The horrifying theater massacre in Aurora CO by James Holmes has re-energized the debates over gun control and mental health and criminal culpability. It is possible, however, that these debates miss the more fundamental issue of which Holmes mass murders are illustrative. Social scientists have known for fifty years that America, and other advanced societies, have a "young male problem." It is a set of statistical facts that young males, aged 18 to 30 years, in great disporportion, commit felonious violence. Murder, homicide by DUI, extreme violence against women, and gang violence are all disproportionately committed by young males. In California, for example, in 2008, 80% of DUI offenses were by young males, average age 30 years; we can infer that most of the 1,400 DUI-related homicides of the 3,400 persons who died in California* were killed by young male offenders. Similarly, tit-for-tat gang murders are also largely the product of young male gang members. Over 16,000 thousand homicides are committed each year in the US, over 11,000 by firearms,^ disproportionately by young males, but with one or two or three victims, and so lack the spectacular horror that brings national news attention. The dead victims are dead victims, whether by mass random murder or drive-by shootings or in gang warfare.
The role of testosterone is implicated by the age category. Ages 18 to 30 are peak years of testosterone. After age 30, testosterone diminishes sufficiently that young men calm down considerably, as reflected in statistics of violent crimes. (I don't mean to prejudge the issue as excessive testosterone; lower level of testosterone could lead to violence was over-compensation, I suppose.)
Juveniles, females, and older persons do not commit murders and homicides in proportion to their representation in the total population. The statistical relationships between young males and murder and homicide are easy to follow. For instance, those crimes increased dramatically in the major Texas cities after young men from New Orleans relocated there after Katrina decimated their home city. The problem of young male violence appears in other societies, including those with strict gun prohibition or controls. (I am not citing as evidence, but note as interesting related fact that Islamist terror suicide bombing is overwhelmingly commited by young men.)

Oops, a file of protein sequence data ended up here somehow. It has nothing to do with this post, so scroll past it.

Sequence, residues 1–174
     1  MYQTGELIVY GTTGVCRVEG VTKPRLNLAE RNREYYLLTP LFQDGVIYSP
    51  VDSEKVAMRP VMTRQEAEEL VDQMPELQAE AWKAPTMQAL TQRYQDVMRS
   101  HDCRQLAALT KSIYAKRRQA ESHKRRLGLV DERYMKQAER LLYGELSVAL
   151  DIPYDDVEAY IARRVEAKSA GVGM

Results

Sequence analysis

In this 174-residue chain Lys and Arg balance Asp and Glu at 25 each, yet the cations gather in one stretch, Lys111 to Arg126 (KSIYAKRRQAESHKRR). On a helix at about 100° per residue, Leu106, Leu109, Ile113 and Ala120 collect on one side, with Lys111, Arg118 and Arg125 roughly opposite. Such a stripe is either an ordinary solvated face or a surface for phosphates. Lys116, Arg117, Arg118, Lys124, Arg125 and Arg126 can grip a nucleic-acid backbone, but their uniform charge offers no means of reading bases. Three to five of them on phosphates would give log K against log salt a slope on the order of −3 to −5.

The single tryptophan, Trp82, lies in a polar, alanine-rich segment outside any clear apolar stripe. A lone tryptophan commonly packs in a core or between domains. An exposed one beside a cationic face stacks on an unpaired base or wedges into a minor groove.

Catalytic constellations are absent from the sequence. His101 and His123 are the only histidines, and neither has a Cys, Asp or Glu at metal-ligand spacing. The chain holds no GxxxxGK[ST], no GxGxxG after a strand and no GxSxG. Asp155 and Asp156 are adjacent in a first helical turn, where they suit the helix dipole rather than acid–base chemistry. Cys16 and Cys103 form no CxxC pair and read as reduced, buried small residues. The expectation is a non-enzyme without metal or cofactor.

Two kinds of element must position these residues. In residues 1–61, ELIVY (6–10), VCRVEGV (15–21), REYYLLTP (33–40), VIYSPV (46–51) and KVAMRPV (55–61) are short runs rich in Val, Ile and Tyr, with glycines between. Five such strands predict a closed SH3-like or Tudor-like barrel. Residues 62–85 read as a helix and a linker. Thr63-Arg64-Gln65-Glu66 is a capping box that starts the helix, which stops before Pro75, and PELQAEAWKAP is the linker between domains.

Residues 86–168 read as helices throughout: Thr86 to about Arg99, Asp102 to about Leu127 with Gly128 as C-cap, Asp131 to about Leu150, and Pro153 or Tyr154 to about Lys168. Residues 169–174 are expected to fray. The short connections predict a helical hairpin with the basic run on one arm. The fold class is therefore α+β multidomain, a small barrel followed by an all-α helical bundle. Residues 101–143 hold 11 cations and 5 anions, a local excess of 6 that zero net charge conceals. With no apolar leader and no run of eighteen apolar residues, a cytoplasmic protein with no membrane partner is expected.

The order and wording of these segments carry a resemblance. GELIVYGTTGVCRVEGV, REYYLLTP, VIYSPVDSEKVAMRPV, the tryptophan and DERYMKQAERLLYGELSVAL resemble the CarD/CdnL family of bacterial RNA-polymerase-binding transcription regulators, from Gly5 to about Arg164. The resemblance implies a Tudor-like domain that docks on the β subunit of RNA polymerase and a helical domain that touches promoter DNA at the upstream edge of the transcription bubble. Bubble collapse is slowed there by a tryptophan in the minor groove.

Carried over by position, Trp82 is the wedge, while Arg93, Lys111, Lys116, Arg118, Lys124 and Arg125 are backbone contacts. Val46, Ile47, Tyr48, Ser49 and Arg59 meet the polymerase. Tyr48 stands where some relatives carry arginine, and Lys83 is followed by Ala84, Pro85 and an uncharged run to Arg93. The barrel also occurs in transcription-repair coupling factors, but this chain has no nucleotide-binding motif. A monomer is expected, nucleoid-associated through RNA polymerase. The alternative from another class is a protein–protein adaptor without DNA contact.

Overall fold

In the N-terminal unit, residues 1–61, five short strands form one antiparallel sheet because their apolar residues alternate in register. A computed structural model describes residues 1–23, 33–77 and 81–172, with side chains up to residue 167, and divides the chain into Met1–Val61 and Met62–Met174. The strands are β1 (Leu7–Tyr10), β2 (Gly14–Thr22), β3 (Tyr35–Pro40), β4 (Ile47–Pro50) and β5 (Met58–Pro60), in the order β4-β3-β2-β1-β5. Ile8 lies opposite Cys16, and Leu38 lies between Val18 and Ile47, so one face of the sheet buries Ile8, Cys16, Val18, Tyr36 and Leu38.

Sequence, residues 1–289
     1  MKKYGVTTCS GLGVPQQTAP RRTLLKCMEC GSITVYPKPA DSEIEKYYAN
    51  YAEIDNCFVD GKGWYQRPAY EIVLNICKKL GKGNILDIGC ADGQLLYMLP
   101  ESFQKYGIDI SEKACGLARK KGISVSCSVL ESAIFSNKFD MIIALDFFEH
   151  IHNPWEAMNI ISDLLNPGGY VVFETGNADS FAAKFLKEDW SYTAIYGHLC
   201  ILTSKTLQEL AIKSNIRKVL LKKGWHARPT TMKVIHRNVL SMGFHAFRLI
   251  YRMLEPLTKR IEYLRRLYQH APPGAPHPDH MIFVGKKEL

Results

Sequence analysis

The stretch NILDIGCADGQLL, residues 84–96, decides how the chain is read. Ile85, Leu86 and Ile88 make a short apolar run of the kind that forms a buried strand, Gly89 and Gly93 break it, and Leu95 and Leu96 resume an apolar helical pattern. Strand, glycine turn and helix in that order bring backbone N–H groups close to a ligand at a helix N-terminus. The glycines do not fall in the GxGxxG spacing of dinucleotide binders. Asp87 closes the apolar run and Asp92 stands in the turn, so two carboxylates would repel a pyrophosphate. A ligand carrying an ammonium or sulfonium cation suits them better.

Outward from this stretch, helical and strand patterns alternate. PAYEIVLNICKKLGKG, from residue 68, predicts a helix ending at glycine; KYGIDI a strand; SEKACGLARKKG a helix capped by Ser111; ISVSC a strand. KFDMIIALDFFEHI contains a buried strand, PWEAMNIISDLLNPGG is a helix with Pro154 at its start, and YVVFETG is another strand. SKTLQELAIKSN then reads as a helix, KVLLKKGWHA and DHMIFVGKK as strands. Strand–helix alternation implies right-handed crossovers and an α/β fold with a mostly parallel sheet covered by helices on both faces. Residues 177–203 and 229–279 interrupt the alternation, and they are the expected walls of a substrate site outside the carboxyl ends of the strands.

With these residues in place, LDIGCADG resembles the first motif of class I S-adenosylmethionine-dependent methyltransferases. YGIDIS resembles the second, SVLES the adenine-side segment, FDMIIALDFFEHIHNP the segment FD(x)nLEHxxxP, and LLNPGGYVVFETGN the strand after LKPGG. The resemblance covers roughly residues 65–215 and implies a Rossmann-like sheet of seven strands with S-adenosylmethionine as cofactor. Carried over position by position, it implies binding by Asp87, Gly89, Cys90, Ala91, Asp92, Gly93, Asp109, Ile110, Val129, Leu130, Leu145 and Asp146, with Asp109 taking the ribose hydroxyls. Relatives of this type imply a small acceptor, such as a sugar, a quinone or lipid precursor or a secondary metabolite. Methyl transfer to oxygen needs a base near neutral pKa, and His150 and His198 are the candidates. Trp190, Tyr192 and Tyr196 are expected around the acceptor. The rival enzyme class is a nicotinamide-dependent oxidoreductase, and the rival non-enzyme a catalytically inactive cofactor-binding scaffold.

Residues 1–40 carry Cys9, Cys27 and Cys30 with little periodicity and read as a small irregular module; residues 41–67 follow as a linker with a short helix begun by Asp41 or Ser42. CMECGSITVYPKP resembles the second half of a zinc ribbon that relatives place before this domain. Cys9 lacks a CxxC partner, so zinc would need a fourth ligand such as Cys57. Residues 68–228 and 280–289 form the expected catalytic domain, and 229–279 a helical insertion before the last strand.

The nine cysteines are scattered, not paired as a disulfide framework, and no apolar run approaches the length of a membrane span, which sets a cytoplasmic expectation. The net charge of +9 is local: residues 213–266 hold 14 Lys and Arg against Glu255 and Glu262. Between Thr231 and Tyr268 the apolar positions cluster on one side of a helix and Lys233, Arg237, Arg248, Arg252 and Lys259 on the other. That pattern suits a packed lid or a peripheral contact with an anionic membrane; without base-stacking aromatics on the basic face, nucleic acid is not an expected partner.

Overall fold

There are other social indicators that point to some young males as a problem category; for instance, chronic users of marijuana, defined as imbibing twice a week or more, are 75 per cent young males.
Most young males are not criminals and their ascent to adulthood is not problematic; to the contrary, their idealism, work, and often military service are an honor to our nation. But a significant portion of young males are problems for their proclivity to felonious violence. What is the source of their problem? This has been a much studied matter, but I would like to offer this direction for discussion: socialization of testosterone.
Testosterone is an explosive hormone and any observer of adolescents can testify to the great efforts made by society to teach young men how to direct its energies (e.g, in competitive sports, in military training) and control behavior (e.g., respect for women, awareness of consequences of thoughtless violence). Here is a major social preoccupation whose success and failure has great consequences for young men.
Putting the young male problem in this context relieves it of the gun control and mental health debates. For this subset of young males, extreme violence is not controllable by preventing them from having guns, driver's licenses, or alcohol. When sequestered in prison, denied all guns, licenses, and alcohol, violence by young males is still widespread.
The issue is to define more carefully the relationship between testosterone (and testosterone levels and associated hormones) and behavior, differentiate the category more finely so we understand why some men handle the eruptive force of testosterone better than others, and determine how institutions of its socialization (e.g., family) succeed and fail.